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Jeff Horwich: With consumer demand still sluggish in the U.S. and Europe, China is looking elsewhere for new customers to places like Brazil. In fact, this week China and Brazil agreed to a landmark deal that avoids using the U.S. dollar.
Here’s Juliana Liu from the BBC in Hong Kong.
Julianan Liu: Right now, if you’re buying a barrel of oil or a pound of coffee on global markets, you pretty much have to pay with the U.S. dollar.
China, the world’s second largest economy, hopes to change that. It wants its currency, the renminbi, to someday stand alongside the dollar in global markets for things like trade and investment.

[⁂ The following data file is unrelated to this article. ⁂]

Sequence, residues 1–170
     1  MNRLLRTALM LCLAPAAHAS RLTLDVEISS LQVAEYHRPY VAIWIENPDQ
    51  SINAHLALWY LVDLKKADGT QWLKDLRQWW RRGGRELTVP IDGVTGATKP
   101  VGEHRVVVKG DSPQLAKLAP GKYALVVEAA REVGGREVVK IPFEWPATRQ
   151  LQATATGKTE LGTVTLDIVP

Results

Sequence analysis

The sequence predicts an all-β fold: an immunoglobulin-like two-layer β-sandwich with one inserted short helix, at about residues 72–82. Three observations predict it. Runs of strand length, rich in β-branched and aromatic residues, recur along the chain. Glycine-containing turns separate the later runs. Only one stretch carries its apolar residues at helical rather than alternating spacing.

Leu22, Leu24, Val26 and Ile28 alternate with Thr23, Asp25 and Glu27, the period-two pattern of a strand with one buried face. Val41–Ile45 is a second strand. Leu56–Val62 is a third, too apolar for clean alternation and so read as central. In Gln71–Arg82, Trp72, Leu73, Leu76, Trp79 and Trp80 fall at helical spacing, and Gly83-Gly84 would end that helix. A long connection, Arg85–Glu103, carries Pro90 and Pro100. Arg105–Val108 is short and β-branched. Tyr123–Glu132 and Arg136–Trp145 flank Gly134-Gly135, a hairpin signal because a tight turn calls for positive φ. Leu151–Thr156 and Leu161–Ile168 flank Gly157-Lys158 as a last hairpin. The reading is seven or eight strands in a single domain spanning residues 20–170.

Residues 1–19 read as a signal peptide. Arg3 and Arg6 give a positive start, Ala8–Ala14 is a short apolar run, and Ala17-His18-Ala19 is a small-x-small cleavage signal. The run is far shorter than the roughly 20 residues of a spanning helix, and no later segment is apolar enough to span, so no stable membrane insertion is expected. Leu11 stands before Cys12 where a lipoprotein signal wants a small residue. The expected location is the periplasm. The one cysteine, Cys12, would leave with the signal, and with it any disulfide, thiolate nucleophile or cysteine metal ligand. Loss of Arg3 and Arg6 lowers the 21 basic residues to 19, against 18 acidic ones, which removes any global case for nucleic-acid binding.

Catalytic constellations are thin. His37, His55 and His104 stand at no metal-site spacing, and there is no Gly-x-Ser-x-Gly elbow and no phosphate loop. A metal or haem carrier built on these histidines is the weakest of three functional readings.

This agreement with mega trading partner Brazil is another step in that process, says Frances Cheung, a Hong Kong-based senior strategist at the investment bank Credit Agricole.
Frances Cheung: It is actually part of their effort to try to internationalize the renminbi, to promote the use of it outside China. So, I think China is targeting to get the renminbi to be one of the reserve currencies, but not to replace the dollar.
Cheung says China will continue to push more deals like this in the next few years — and that eventually, some economists believe the Chinese currency may become a very real competitor.
In Hong Kong, I’m the BBC’s Juliana Lui for Marketplace
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